The trial court also erred in dismissing the hospital as a defendant. Plaintiffs' cause of action arose on October 7, 1966. They filed their original petition on March 21, 1968, and named three individuals and Doctors General Hospital as defendants. On February 9, 1970, they filed an amended original petition, again naming the three individuals as defendant, but they wholly omitted the hospital as a defendant. Someone, at some unknown time, had written in ink beneath the other three named defendants: "Doctors General Hospital Inc. of Tarrant County, Texas." Copies of the pleading which were sent to the other defendants did not contain those inked-in words. The amended pleading asserted no cause of action against the hospital. On April 3, 1970, plaintiffs filed their second amended petition which restored the hospital as a defendant and that pleading asserted a cause of action against it. The hospital then filed its motion to be dismissed which the trial court granted.
The court, by its order dismissing the hospital, correctly followed the rule that the amended petition, by omitting a defendant, operated as a voluntary dismissal as to that party. Ridley v. McCallum, 139 Tex. 540, 163 S.W.2d 833 (1942); Brennan v. Greene, 154 S.W.2d 523 (Tex.Civ.App. 1941, writ ref'd). The trial court erred, however, in dismissing the cause "with prejudice." The voluntary dismissal of the hospital did not prevent plaintiffs from refiling an action against the hospital, and the phrase, "with prejudice," improperly barred such an action. Crofts v. Court of Civil Appeals, 362 S.W.2d 101 (Tex. 1962); 4 R. McDonald, Texas Civil Practice §§ 17.15, 17.17 (Rev. ed. 1971). Some of the plaintiffs were minors against whom the statute of limitations may not have run, and the dismissal "with prejudice" as to them was in error. See McCrary v. City of Odessa, 482 S.W.2d 151 (Tex. 1972). We reverse the judgment of the trial court which dismissed the plaintiffs' action against the hospital "with prejudice." Upon remand the court may consider which plaintiffs may be barred by limitations.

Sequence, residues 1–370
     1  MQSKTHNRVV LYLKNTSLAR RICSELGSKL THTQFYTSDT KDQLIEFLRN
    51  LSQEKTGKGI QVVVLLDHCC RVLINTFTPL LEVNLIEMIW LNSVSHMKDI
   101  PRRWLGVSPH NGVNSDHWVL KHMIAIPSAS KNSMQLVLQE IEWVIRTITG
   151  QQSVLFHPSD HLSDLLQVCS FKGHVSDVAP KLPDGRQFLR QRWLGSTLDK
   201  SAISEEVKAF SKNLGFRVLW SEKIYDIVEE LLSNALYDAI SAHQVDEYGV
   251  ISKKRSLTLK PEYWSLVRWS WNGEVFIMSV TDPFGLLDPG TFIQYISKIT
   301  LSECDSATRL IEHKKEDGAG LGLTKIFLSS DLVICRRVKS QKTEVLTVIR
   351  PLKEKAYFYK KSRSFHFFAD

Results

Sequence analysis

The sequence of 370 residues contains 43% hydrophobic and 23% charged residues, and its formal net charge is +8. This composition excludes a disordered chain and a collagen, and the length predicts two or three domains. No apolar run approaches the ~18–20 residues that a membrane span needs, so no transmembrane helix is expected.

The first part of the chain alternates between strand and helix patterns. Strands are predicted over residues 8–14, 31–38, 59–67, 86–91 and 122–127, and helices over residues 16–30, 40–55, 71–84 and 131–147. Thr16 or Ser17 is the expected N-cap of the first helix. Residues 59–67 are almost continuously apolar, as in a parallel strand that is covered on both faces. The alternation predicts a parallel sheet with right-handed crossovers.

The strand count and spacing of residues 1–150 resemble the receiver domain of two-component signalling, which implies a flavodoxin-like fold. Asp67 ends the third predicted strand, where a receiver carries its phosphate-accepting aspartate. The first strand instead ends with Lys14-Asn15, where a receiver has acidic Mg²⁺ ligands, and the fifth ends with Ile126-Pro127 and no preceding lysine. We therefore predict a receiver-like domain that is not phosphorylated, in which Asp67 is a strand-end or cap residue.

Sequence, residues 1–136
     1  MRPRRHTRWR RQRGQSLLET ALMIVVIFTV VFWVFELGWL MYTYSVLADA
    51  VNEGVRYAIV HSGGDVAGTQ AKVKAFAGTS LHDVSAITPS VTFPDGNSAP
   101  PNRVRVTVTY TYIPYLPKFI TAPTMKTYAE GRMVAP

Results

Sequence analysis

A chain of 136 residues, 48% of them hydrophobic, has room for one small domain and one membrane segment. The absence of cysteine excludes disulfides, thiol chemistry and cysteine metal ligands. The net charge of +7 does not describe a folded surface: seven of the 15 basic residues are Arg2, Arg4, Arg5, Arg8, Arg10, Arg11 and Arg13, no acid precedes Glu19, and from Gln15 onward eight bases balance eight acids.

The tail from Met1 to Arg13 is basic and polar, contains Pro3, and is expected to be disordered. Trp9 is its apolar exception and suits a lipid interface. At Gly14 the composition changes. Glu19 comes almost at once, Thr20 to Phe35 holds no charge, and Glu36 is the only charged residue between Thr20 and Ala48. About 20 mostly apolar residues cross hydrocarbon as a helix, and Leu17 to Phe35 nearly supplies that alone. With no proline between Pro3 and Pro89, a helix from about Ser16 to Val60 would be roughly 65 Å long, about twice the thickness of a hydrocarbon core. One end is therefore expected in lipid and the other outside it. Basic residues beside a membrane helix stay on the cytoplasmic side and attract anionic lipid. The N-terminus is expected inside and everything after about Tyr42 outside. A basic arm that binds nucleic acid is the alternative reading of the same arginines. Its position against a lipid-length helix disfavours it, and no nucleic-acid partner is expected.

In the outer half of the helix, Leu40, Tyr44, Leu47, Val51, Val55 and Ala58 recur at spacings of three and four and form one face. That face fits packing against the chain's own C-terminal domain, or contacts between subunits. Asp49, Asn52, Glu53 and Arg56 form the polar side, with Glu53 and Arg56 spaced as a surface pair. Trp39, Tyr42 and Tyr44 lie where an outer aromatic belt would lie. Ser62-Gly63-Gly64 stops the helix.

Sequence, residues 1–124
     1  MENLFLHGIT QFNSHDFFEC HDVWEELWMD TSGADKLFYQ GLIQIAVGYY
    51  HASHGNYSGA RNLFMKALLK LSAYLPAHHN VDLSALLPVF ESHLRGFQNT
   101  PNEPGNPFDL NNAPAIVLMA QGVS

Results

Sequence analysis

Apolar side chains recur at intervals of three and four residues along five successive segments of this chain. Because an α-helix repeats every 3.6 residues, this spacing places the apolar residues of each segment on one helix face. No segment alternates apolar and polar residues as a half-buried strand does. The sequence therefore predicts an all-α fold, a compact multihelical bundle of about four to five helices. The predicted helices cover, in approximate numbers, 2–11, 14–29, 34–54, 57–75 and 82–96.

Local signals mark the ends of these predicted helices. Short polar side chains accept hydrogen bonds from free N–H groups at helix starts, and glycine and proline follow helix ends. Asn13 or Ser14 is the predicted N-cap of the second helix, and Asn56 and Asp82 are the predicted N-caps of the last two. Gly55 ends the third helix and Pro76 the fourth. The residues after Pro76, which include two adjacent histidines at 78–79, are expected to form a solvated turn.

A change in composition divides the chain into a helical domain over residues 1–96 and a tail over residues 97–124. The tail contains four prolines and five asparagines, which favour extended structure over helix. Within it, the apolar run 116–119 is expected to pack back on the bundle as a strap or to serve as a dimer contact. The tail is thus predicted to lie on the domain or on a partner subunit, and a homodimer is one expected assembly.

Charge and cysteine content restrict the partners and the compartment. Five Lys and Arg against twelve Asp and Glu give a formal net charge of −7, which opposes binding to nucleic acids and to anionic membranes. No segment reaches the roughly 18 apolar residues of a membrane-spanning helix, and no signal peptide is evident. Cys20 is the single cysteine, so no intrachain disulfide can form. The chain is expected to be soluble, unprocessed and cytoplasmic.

On The Merits
The courts below erred in ruling that plaintiffs failed to make a prima facie malpractice case against Mrs. Irys Eakin or the two physicians. Mrs. Webb, a thirty-year-old patient, entered the Doctors General Hospital in Fort Worth for the repair of a diaphragmatic hernia. She needed the operation, but there was no emergency situation. Mrs. Eakin, a nurse anesthetist, commenced administering the anesthetic and thirteen minutes later, the patient expired. Plaintiffs alleged a number of grounds of negligence on the part of the anesthetist, among which were (1) the improper mixture of Halothane with oxygen and nitrous oxide, (2) improper use of the anesthesia machine, and (3) improper monitoring of the patient during the time she was inspiring the gas.
Plaintiffs called a Dr. Dannemiller as their expert medical witnesses. He testified that in reasonable medical probability, Mrs. Webb's cardiac arrest was caused either by an overdose of Halothane or a lack of proper oxygenation of the patient. He testified that Mrs. Eakin should have set the anesthesia machine so there would have been a flow rate of the gas mixture of at least four liters per minute. Instead, the proof showed that the flow rate was only two liters per minute which would magnify the vaporization of the Halothane and intensify its strength. That drug was described as a very potent one. He testified, when asked which anesthetic agent constituted the overdose, "Well, on probability again, I would say that Halothane was probably the agent." Dr. Dannemiller testified further that the machine setting did not conform to the manufacturer's instructions, and that it was necessary to compensate for the temperature factor which can cause the concentrations of Halothane to vary from double or half that which is intended. Mrs. Eakin had not considered room temperature as a factor in the strength of the gas. She testified that she was not able to calculate the concentration of Halothane to be administered by the machine and that she forgot that temperature had any effect. Dr. Dannemiller said a two degree variance of temperature can change the drug concentration seven percent.